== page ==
Risky water source by Brenda Adelman


Risky water source

EDITOR: The state’s concern about future water supplies is well-founded. Yet using treated wastewater to augment supplies is risky business (“Water plan to change ‘way of life,’ ” Jan. 2). Historically, the state has allowed treated wastewater to be discharged into waterways or reservoirs and, ultimately, mixed with drinking water supplies, supposedly without health risks.

Faced with a burgeoning population, the state is beginning a process to establish standards that would allow mixing highly treated wastewater directly into drinking water pipes. Many experts agree that no technology gets all toxins out and believe a little remnant is safe. But if the little bit contains endocrine-disrupting toxic chemicals, according to the Endocrine Society, there is no safe dose. In addition, the dose could accumulate because we are all exposed to these toxins from many other environmental sources.

The endocrine system governs most of our bodies’ functions. Yet often scientists cannot identify cause-and-effect relationships between specific toxic exposures and precise causes of disease. Endocrine disruption can occur at the parts-per-billion level. Infants, children, pregnant women, the elderly and those fighting serious disease shouldn’t be exposed.

Say no to direct potable reuse. While this will not happen soon here, the head of the Sonoma County Water Agency is head of the professional lobbying group pushing this technology statewide.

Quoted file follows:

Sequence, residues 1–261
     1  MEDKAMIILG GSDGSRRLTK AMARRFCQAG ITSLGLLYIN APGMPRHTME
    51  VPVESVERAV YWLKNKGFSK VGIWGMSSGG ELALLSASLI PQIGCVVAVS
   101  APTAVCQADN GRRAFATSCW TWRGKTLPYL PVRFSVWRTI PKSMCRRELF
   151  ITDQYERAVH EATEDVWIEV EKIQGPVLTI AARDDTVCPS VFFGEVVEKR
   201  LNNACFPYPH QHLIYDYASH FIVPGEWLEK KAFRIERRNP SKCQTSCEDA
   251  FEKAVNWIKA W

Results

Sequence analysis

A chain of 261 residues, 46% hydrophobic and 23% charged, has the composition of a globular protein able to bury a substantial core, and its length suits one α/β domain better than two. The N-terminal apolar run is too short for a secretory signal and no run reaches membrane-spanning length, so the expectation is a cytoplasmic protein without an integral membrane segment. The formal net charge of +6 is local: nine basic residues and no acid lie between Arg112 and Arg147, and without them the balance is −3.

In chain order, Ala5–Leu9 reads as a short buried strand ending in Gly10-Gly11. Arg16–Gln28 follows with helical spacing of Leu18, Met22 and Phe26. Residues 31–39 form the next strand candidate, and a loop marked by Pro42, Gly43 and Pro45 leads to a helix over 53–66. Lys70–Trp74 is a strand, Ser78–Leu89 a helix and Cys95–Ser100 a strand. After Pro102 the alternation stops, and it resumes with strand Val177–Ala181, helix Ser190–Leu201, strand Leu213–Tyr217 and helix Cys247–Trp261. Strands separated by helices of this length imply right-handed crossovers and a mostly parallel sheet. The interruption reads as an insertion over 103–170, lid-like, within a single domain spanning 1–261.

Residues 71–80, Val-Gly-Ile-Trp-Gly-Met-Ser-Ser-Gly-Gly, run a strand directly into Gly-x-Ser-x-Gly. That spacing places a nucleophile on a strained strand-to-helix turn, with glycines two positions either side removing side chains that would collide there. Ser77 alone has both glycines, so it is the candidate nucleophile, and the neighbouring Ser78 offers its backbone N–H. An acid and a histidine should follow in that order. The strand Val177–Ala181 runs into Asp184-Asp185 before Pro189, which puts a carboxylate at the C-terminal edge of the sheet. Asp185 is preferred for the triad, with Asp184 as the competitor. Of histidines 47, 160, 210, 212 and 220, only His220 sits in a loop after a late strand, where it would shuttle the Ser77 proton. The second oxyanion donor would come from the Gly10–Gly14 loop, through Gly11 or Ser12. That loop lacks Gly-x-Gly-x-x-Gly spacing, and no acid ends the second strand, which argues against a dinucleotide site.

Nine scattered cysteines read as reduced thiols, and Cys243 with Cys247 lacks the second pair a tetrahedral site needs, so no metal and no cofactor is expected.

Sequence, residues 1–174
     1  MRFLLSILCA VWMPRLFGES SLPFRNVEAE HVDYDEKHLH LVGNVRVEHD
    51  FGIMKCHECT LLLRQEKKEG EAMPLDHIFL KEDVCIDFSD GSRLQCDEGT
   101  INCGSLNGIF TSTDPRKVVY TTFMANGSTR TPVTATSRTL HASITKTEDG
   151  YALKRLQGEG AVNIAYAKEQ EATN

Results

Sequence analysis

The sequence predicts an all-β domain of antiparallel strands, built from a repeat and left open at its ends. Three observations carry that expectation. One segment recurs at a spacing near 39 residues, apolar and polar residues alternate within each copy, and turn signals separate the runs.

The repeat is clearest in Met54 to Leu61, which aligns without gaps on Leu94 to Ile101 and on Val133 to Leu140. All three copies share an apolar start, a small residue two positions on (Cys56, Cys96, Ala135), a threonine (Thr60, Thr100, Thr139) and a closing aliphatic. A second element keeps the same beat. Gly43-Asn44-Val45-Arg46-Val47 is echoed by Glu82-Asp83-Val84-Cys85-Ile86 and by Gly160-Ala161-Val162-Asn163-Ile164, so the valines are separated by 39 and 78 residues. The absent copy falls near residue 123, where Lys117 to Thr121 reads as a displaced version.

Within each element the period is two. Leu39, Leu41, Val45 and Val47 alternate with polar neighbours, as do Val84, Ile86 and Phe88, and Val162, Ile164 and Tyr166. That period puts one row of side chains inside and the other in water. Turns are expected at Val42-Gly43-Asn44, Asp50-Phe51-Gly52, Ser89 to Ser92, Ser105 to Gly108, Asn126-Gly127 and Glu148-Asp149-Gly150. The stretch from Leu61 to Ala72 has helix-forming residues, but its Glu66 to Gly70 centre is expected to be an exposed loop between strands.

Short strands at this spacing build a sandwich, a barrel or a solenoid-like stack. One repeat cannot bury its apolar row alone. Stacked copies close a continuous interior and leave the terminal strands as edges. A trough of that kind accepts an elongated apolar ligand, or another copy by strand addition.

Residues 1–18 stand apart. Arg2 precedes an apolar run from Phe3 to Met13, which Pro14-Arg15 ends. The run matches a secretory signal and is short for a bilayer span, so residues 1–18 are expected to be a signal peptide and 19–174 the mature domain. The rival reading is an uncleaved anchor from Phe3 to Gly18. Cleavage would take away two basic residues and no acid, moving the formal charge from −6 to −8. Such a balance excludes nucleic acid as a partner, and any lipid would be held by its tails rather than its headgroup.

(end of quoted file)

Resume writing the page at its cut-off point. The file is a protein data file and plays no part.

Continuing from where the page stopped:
Russian River Watershed Protection Committee

For more information: http://endocrinedisruption.org/enews/the-tedx-list-of-potential-endocrine-disruptors-has-grown

The TEDX List of Potential Endocrine Disruptors Has Grown!

The list relied on by governments, scientists, businesses, and non-profits to identify chemicals with endocrine disrupting properties has grown to 1,326. We recently found evidence of endocrine disruption for 288 more chemicals. We also added new references for 68 chemicals that were on the list.
The TEDX list of Potential Endocrine Disruptors is easy to use! Simply type in a chemical name or CAS number to see sources of the chemical, categories of use, and research on endocrine effects. Only interested in the new chemicals? The list is easily sortable by the date the chemical was added. If you know of a chemical that should be on the list, send us the name and we’ll investigate.
Click here to explore the expanded and updated TEDX list of Potential Endocrine Disruptors.